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Cops probe honour killing in Delhi journalist’s death

She was a 22-year-old journalist working with the Business Standard in Delhi. He was her batchmate from the Capital’s prestigious...

She was a 22-year-old journalist working with the Business Standard in Delhi. He was her batchmate from the Capital’s prestigious Indian Institute of Mass Communication,working in another media establishment in the city. Their love story had little in common with others they must have come across in their jobs recently. But,it may have ended the same way.

On April 29,Nirupama Pathak was found dead at her home in Koderma,Jharkhand. Her family said she had been found “hanging”. The police believe it may have been honour killing.

Nirupama,who did a one-year Post Graduate Diploma in Radio and TV Journalism from IIMC,was a Brahmin. The man she was planning to marry,her batchmate Priyabhanshu Ranjan,is a Kayastha from Darbhanga in Bihar.

“We have gathered evidence showing she was suffocated to death with a pillow pressed over her face. We hope to resolve this murder case soon,” Koderma Superintendent of Police Kranthi Kumar said.

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Ranjan,who last talked to Nirupama on April 28,told The Indian Express her parents had told him she had been electrocuted. However,a post-mortem report (a copy of which has been obtained by The Indian Express) mentions a “ligature mark on the neck”.

The report also shows that Nirupama was three-month pregnant at the time,adding to suspicions of honour killing.

“She called me on April 28. She told me she would not be calling me again. She was crying a lot and said that there was pressure from her mother and brother’s friends. By that time,I too had begun crying. Then abruptly,she cut the call,saying her mother had entered the room. She never called me again,” says Ranjan.


“Her father once told her that I was the lowest of the upper castes,” he adds.

They had been planning to get married in March,says a mutual friend. “They even paid some money to a pandit to conduct the ceremony. At the eleventh hour,her parents intervened,and said they would need some time to come to terms with the alliance.” So,they waited.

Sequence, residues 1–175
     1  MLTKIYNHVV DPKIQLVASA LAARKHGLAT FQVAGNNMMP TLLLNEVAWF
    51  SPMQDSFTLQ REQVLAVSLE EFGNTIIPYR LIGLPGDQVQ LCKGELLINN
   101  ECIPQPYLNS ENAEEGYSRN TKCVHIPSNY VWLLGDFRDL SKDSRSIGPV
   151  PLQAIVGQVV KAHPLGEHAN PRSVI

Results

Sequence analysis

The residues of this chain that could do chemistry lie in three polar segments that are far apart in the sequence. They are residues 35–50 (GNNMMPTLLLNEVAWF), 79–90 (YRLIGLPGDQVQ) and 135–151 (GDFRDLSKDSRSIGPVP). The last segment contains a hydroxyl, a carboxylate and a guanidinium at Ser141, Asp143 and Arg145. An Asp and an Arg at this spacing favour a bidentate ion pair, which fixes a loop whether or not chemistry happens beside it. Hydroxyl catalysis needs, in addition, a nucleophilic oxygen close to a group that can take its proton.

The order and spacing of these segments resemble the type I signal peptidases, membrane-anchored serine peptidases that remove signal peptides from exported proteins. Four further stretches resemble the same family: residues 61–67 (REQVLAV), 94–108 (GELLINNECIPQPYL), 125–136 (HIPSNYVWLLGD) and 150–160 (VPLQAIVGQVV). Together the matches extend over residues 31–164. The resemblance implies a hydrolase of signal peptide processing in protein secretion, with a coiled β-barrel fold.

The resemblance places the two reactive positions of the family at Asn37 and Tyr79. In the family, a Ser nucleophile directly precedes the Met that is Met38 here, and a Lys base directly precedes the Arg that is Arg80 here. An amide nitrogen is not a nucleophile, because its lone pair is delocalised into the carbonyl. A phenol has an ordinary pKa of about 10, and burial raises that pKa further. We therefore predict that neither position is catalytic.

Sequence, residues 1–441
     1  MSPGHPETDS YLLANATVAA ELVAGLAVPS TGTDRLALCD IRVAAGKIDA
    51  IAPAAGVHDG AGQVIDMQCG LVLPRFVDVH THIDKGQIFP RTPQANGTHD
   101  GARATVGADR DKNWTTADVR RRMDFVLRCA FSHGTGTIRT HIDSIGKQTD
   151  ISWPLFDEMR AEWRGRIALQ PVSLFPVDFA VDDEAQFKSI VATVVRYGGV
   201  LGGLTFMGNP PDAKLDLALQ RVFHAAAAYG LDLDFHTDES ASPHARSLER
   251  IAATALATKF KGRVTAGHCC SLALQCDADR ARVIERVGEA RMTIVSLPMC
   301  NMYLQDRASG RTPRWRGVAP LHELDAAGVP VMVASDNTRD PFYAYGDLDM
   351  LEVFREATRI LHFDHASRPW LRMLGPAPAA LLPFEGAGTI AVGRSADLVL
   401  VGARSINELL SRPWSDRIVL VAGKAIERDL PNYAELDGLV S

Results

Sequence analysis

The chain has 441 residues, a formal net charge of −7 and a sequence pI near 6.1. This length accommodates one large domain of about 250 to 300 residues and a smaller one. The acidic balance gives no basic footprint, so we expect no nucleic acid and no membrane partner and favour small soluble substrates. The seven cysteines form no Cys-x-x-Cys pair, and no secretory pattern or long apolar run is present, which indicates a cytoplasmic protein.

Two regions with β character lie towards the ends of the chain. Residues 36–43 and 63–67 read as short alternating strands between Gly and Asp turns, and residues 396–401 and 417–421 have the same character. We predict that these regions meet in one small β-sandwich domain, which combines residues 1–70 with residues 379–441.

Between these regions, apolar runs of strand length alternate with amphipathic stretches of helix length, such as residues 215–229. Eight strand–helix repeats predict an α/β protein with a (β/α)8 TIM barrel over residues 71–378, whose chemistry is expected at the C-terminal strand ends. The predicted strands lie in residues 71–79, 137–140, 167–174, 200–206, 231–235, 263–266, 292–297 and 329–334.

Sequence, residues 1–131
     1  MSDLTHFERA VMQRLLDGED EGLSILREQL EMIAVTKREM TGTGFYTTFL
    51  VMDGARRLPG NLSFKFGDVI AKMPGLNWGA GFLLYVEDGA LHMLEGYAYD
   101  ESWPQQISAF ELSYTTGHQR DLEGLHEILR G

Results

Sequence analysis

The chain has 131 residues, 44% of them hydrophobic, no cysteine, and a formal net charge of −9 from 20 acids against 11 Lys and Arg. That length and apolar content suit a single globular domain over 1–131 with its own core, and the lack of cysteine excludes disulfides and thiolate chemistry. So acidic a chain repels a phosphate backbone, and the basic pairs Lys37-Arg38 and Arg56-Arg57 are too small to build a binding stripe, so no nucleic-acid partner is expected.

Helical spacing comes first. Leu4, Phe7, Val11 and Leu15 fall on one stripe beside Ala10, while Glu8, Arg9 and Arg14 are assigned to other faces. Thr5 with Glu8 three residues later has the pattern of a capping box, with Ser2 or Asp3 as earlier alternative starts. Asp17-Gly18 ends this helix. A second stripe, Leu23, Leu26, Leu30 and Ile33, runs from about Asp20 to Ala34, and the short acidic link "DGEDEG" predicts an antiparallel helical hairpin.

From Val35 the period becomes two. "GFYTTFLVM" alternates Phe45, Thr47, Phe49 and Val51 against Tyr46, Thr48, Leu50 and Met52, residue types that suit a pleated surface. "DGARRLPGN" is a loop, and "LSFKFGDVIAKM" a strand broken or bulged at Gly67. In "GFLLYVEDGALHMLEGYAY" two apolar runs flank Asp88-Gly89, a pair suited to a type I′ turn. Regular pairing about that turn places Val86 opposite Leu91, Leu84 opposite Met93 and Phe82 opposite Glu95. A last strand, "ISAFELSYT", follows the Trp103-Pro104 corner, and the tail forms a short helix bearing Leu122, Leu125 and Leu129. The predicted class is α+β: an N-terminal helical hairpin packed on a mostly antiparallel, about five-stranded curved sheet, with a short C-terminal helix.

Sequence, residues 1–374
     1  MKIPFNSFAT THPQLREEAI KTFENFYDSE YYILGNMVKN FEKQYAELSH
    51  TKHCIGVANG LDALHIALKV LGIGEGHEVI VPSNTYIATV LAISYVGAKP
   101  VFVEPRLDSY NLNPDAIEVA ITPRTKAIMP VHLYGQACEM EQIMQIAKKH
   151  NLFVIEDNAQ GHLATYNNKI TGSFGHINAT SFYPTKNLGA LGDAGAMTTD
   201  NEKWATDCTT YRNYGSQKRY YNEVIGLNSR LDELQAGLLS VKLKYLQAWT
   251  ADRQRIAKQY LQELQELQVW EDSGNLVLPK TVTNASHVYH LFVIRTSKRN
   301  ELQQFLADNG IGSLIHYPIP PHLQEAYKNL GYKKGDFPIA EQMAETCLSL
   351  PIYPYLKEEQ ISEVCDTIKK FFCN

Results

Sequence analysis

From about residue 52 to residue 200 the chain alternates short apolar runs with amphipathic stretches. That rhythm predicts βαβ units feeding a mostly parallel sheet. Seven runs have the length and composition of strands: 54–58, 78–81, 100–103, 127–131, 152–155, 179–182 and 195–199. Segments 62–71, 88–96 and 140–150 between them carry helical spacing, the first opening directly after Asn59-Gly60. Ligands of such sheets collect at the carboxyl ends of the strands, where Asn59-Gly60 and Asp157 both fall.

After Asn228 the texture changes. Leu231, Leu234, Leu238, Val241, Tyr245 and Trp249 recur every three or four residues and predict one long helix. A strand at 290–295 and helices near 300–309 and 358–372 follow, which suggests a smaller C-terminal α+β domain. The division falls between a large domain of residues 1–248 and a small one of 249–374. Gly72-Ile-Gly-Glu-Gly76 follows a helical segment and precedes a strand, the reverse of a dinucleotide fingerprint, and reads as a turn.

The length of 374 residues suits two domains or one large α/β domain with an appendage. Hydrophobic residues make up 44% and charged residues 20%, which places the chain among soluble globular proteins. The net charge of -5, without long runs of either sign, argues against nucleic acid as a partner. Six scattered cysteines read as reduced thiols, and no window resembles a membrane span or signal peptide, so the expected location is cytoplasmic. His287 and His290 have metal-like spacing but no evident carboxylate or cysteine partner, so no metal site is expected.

Around mid-April,Nirupama’s father Dharmendra Pathak called her up,saying her mother had fractured her backbone. She left Delhi on April 19.


“She was supposed to return on April 29,” says Ranjan. “I was not in touch with her from April 20 to 27. After she called me on April 28,Nirupama called my roommate,asking him to take care of me. She never attended the phone after that.”

The friend says Nirupama also messaged Ranjan,worried he might do something rash. “Once she told him they had locked her up.”

Nirupama’s mother Sudha has told the police her daughter hanged herself from the ceiling fan and that she had discovered the body. She also handed over a piece of paper claiming it was a “suicide note” by her. “Nobody should be held responsible. I must be cremated in Gaya,” the note reads.

Sudha has also told the police that only the two of them were in the house at the time,with her father Dharmendra as well as her two brothers who work outside Jharkhand away. But the police dispute this.

“She was brilliant enough to secure a job in the print medium despite being a student of Radio and TV journalism. She did that in her first campus placement interview itself,” recalls a mutual friend of Nirupama and Ranjan.


Ranjan,who did his PG Diploma in Hindi Journalism from IIMC,met Nirupama on their first day at IIMC. “We met and talked for the first time on June 29,2008,during the IIMC interview,” he recalls.

A distraught Ranjan says Nirupama’s parents are not illiterate people who are conservative. “Her father is a manager in a national bank. She was the youngest of three children — the eldest is an Income Tax inspector and the second is doing his Ph.D in Biotechnology.”


However,they had made it clear that they wanted Nirupama to break off her alliance with Ranjan. He remembers that after the Supreme Court reduced the death sentence of one man who was convicted of murdering his sister’s husband and two family members,Nirupama’s eldest brother had messaged her. “He asked whether she wanted a repeat of the incident,” he says.

In an interview to BBC Radio,Dharmendra Pathak has claimed he did not know of his daughter’s pregnancy. “In Indian culture,fathers don’t ask daughters these things,” he said.


“I knew there was a wedding proposal from another caste but nothing had been finalised. I asked her to concentrate on her career,” he said when asked about his knowledge of the affair. He added that he did not know when Nirupama was planning to return to Delhi.

First published on: 03-05-2010 at 02:55:50 am
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